|Apinda Mpako, Pan Africa ILGA|
|Apinda Mpako, Pan Africa ILGA|
Nigeria’s newspaper readers have reacted angrily to debates on the floor of the Nigerian Senate about a proposed law prohibiting same-sex marriages.
The controversial bill has 25 sponsors from the 109 member Senate which has so far seemed to unanimously back the bill.
The National Mirror newspaper reported last week that, “The Senate has not recently spoken with such a united voice on any particular bill. All the lawmakers who contributed to the debate spoke in one voice – no to same sex marriage.”
The report continued, “ When the senators had sufficiently ventilated their anger and opposition to the issue of same sex marriage, Senator David Mark put the question to vote, the ayes unanimously had it and subsequently, the bill passed its second reading and it was committed to the committees on Judiciary, Human Rights and Legal Matters, Health and Interior.”
The bill’s lead sponsor, Senator Domingo Obende said, “Even the Muslim religion forbids it [same-sex marriage], Christianity forbids it and the African traditional religion forbids it.”
The newspaper carried verbatim excerpts of the debate in the Senate and these attracted the ire of readers.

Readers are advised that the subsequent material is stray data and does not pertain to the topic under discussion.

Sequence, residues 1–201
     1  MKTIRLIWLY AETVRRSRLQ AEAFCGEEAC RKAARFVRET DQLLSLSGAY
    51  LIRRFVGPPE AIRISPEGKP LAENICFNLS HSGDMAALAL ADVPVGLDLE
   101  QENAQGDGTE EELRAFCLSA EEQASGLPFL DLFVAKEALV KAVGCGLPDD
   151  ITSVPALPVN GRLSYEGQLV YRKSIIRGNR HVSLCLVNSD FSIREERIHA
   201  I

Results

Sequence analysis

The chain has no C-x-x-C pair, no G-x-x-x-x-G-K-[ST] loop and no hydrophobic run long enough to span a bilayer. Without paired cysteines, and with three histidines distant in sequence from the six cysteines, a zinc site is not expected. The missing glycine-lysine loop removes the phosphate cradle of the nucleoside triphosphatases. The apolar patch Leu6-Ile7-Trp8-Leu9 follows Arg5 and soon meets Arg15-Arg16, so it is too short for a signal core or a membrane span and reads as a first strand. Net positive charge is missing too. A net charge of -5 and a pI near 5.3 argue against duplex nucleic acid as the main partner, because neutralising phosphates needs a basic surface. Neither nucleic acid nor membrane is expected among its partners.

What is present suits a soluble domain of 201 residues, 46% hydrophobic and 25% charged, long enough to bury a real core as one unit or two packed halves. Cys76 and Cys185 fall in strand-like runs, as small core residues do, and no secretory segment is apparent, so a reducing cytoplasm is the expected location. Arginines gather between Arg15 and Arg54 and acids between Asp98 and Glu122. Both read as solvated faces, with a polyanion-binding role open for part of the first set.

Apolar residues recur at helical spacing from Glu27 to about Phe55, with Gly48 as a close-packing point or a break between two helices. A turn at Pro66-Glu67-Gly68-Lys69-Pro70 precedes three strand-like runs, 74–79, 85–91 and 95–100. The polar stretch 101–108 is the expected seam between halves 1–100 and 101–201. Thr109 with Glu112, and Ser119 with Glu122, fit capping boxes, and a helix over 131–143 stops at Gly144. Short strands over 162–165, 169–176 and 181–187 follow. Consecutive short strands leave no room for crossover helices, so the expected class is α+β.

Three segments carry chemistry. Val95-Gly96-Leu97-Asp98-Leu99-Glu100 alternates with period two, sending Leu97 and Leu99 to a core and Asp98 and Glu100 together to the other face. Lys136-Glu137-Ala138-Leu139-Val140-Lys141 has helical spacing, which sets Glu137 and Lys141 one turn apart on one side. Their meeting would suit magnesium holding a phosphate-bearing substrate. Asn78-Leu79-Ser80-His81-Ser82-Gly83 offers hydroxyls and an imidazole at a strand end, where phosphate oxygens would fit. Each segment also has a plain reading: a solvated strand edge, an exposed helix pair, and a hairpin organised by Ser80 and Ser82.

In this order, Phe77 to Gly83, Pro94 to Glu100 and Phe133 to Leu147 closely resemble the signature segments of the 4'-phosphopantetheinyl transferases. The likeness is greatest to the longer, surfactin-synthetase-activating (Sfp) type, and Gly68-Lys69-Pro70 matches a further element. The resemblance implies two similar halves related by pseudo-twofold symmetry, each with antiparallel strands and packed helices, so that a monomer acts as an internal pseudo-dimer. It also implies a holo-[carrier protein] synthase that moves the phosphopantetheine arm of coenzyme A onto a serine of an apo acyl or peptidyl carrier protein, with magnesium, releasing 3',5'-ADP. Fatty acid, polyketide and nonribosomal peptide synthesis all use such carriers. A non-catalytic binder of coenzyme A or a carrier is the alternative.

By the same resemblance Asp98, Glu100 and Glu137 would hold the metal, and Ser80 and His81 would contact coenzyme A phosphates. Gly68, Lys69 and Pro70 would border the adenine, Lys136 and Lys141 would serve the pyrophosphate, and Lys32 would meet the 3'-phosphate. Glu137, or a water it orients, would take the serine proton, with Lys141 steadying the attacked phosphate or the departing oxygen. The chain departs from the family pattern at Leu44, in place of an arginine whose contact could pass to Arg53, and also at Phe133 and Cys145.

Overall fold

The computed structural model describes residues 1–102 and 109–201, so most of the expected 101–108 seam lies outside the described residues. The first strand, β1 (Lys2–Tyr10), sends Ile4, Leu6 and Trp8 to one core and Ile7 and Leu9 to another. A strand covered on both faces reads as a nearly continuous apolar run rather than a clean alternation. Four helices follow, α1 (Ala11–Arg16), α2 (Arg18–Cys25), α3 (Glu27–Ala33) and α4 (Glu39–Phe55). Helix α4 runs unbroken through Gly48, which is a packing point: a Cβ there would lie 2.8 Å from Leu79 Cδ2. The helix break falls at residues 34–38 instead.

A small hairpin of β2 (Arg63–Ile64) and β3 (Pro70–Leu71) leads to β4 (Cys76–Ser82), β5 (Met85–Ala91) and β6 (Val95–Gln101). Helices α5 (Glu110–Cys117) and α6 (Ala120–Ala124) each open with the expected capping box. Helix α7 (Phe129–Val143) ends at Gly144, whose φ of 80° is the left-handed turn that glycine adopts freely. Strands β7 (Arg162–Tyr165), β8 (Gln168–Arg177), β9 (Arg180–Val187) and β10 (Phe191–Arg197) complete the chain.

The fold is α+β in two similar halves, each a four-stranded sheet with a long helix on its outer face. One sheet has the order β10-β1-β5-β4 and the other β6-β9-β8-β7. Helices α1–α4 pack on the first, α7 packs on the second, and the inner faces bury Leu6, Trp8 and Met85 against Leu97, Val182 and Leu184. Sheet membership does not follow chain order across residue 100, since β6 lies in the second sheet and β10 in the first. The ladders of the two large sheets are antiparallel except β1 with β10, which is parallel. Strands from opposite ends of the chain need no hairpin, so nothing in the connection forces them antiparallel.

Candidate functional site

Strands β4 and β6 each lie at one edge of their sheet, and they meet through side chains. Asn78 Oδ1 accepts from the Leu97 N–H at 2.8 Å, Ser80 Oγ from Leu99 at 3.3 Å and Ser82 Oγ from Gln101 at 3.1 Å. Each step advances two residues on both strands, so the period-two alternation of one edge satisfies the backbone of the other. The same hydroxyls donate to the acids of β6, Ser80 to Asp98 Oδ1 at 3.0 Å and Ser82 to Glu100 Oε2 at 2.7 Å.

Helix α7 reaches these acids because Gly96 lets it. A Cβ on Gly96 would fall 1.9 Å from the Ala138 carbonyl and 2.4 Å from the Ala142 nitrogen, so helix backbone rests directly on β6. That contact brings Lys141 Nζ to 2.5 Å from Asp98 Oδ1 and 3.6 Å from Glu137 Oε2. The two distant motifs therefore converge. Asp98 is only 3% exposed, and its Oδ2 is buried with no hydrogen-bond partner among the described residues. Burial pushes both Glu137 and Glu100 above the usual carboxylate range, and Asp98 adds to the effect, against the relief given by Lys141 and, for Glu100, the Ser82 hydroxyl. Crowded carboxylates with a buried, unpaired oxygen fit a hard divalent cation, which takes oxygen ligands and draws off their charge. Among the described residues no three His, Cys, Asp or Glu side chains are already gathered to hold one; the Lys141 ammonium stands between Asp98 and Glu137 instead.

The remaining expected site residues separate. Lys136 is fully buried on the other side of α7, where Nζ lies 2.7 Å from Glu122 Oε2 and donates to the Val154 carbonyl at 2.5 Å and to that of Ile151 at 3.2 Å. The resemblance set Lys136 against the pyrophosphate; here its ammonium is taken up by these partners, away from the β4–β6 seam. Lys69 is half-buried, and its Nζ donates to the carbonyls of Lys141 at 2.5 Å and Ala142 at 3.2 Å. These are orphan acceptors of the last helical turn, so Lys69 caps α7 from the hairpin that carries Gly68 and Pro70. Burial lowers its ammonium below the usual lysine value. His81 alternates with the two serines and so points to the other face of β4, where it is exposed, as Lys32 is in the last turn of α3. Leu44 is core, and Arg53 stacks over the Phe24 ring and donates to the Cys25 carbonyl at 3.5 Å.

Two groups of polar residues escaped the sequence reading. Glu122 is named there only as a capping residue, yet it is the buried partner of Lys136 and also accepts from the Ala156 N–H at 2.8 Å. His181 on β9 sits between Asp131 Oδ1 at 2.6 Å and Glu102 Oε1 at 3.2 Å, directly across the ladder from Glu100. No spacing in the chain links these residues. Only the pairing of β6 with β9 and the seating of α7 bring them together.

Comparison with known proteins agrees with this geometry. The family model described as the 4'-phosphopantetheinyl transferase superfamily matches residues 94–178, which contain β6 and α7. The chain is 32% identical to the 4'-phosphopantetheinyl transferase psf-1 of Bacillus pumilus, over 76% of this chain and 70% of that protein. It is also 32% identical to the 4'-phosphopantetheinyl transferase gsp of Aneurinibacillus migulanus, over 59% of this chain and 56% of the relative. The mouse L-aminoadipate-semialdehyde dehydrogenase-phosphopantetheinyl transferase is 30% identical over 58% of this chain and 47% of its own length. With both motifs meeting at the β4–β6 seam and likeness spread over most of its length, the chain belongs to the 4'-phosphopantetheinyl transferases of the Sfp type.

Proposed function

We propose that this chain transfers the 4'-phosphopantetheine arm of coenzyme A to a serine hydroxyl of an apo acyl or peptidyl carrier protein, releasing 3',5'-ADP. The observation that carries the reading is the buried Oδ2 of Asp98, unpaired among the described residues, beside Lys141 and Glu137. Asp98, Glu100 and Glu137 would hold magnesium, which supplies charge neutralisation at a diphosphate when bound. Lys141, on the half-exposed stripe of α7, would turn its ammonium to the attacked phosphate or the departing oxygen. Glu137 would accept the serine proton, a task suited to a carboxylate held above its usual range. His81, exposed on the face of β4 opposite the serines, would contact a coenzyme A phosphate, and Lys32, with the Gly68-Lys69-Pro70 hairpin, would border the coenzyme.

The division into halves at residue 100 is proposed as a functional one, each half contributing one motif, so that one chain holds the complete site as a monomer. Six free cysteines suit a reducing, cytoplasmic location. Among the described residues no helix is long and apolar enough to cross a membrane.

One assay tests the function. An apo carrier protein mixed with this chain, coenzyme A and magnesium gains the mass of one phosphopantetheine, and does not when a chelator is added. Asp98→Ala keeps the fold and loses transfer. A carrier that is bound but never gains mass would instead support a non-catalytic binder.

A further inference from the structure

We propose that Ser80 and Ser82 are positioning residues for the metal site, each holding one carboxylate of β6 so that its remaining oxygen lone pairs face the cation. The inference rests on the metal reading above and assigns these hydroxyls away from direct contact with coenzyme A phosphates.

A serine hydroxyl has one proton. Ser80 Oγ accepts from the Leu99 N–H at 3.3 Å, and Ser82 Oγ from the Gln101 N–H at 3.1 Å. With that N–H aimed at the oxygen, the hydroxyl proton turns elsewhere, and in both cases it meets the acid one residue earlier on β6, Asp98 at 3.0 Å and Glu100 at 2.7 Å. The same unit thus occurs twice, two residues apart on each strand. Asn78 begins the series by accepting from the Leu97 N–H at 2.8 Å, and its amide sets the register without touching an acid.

Angry members of the public and supporters of the LGBTI community made their feelings about the proposed law and the debate known via their comments on the newspaper’s website.
One commentator signed herself Emily Caston and said, “The sad fact is, this is very much a vicious cycle. These politicians (like our parents, family members and neighbours) have no reference point. When they look around they do not see role models of same gender loving people, they do not hear stories of how the gay people in their own backyard are simply trying to navigate life – no different from anyone else.”
She added, “They only see stereotypes and one dimensional images of what being gay/lesbian means. Yes, and we too are caught up in the vicious cycle, yearning to come out, but fearful (and shamed) that we will be persecuted, excluded and rejected by the people we hold dear.”
Caston said, “I am a believer that if we want to see change we need to tackle the ’cause’ and not the ‘effect’ – this debate is all about the effect. Tackling the cause means us having the courage to show our parents, families, neighbours that being gay/lesbian is simply being human.”
Caston pointed out, “The fact is when we collude with our culture through silence and blindly signing petitions then we are no different from the politicians. They hurt us on the outside, we hurt ourselves from the inside. The politicians are simply saying out loud, what so many gay/lesbians silently/passively say to themselves through their behaviour. Only our courage can liberate us.”
Another commentator Johnson Chuks backed Caston saying, “I’m with Emily Caston on this. We are the only ones that can prove to our world that being gay is not a disease because we are the only ones that know better. No one can feel the rain on our skin for us.”
Yet another commentator Adebola Emmanuel, “I have to agree that it would be extremely difficult for anyone who isn’t homosexual to understand homosexual behaviour and without understanding, there can never be much acceptance. Most people feel it’s a learned behaviour or even a choice we made, that’s where the problem starts.”